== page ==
September 21, 2020

Lessons from the sofa: a look inside Adweek’s Brandweek Masters Live Conference 2020

Susanna Max

Senior Marketing Manager

In any “normal” year, thousands of CMOs, brand leaders, and agency executives would be convening on-site in sunny Miami, FL for Adweek’s annual Brandweek Masters Conference. But alas, ‘Rona has us all settling into our yoga pants and setting up shop on our sofas.  As I joined the at-home club and tuned in to virtually learn from some of the best brand leaders from across the globe, three key themes began to emerge: pivoting, people, and purpose. Oh, and I have to admit, hearing from Hollywood icon Ryan Reynolds was a terrific bonus. 


Maybe “pivot” is the word of the year? In our industry, and in our personal lives, we are learning to pivot thanks to the greatest disruptions of our time: a global pandemic combined with the need for systemic change regarding racial and gender equality. As we continue to live in this world of disruption, it’s important to recognize that you can either pivot on a dime, or fall behind.  The beauty brand e.l.f. examined the changes affecting their top consumers and did something to bring a little happiness to their lives. When hundreds of thousands of proms were canceled for high school students, the company teamed up with quick service giant Chipotle to offer a limited edition gift set. The two even worked with Teen Vogue to host a virtual prom afterparty, offering a much-needed engagement opportunity for teenagers stuck at home.  As CMO Kory Marchisotto shared this week, their formula for success can be boiled down to one sentence: “feet on the ground, head in the stars, and adaptation at ‘e.l.f.’ speed.” 

That notion of speedy pivots was a common thread. This year’s Adweek Brand Visionary, actor and brand mogul Ryan Reynolds, candidly shared his own marketing insights. He’s the face and the brains behind disruptor brands Aviation Gin and Mint Mobile, and he’s been making quick waves in the industry since moving from an on-camera superhero to a businessman on a mission. When Reynolds first bought Aviation Gin, it was a lesser-known adult beverage company breaking into a space that he believed needed disrupting. Using the principles of authenticity and speed, he and his colleagues moved quickly on ideas, avoided red tape, and created empathy-based content that audiences could embrace. Remember this year’s widely talked-about collaboration with the “Peloton girl,” where just days after the athletic company was criticized for portraying the lead character in a poor light, she is seen downing Aviation Gin at a bar with her friends? The spot created tremendous buzz for Aviation Gin, and it was all completed at lightning speed. 

The lessons? Don’t be afraid to pivot. Take risks, and when you are done, don’t look back. 


It’s no surprise that putting people first has become the number one priority for agency leaders and corporate marketers this year. With a global pandemic wreaking havoc and concerns for safety, equality, and justice taking center stage, we could all use a little more comfort. By putting people first, empathy and engagement are now priorities for brands. Former NBA superstar and current chief culture officer for CAA Sports, Dwyane Wade, said it best when he shared his advice: “don’t tell a product story. Tell a human story.”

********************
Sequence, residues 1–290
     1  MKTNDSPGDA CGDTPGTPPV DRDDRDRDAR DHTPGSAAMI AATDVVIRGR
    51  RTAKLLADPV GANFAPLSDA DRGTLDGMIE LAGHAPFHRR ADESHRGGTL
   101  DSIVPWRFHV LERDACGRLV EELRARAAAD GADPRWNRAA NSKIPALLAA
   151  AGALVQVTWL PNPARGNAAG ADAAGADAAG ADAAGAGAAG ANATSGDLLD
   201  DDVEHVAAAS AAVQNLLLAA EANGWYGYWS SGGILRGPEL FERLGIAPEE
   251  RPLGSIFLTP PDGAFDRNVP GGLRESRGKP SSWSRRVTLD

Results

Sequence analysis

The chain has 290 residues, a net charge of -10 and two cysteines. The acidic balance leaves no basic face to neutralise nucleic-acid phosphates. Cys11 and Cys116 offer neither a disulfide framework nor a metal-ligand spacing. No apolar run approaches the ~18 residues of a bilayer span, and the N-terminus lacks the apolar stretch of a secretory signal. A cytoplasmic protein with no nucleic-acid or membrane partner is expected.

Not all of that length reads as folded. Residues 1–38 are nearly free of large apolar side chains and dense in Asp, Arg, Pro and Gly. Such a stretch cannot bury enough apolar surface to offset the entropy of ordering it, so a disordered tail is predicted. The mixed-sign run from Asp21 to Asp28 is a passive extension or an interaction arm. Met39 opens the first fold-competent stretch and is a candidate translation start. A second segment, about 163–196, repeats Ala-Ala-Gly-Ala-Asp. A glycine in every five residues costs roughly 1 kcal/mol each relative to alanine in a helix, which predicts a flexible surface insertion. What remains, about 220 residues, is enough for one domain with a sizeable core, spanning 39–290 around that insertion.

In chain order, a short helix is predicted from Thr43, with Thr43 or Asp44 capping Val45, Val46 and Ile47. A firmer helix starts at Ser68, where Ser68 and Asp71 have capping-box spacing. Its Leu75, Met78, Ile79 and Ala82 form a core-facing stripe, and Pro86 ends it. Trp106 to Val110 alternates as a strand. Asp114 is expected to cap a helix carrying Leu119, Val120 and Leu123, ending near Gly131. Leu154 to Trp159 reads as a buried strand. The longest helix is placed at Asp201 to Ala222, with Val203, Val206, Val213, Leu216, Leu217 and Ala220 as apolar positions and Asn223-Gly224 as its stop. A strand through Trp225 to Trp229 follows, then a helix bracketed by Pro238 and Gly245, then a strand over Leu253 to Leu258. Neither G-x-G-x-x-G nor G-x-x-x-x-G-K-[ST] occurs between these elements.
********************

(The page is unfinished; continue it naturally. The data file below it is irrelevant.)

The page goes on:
The human story is more authentic than ever. Take TikTok, for example. While holding on for dear life, the company is still undoubtedly one of the best ways for brands to intersect with the community. We’re no longer selling a product, we’re creating firsthand brand experiences and real-time stories with our consumers. We don’t make ads. We make TikToks. (And trust me, as a mom to a 14-year old girl, I can tell you it works!) For the first time, we’re witnessing real human moments, set to music and comedy, and brought to life with nothing but a smartphone. As Katie Puris, Managing Director and Global Head of Business Marketing for TikTok, said, “Storytelling is different now. There can be far more engagement between consumers and brands. Let’s get back to great storytelling over time.”


“Doing good is good for business.” Thanks, Brad Hiranaga, General Mills’ Chief Brand Officer, North America.  We couldn’t agree more. There was no truer theme for this week’s conference than purpose and empathy. Nearly every brand leader that took the stage brought it to the forefront. 

Leading the conversation is Marc Pritchard, Chief Brand Officer for Procter & Gamble. When he speaks, we listen. Because P&G brands lead the way in the CPG category, and the company is the first to make change happen. Their foundational stance on the Black Lives Matter movement hit home with the spots they created called “The Talk” and “The Choice.” The chilling scenes they shared that depict what it truly means to be black in America were bold and heartfelt. Now, the company is making an even bigger commitment to gender and racial equality. Pritchard shared that every single production made for a P&G brand will be represented by at least a 50% diverse population, running all the way through the creative process. This means P&G is holding brands, agencies, and production studios accountable to the true representation of our society. Now that’s taking a purposeful stance. 

There is no doubt that the life-changing events of 2020 are forcing all of us in the advertising industry to stop, pause, and take notice. That was incredibly clear as I listened to dozens of presentations this week. And maybe that’s a good thing. Because when we really listen to our consumers, share authentic stories, and lead with empathy, we all win. At Curiosity, we’re listening and learning every step of the way.

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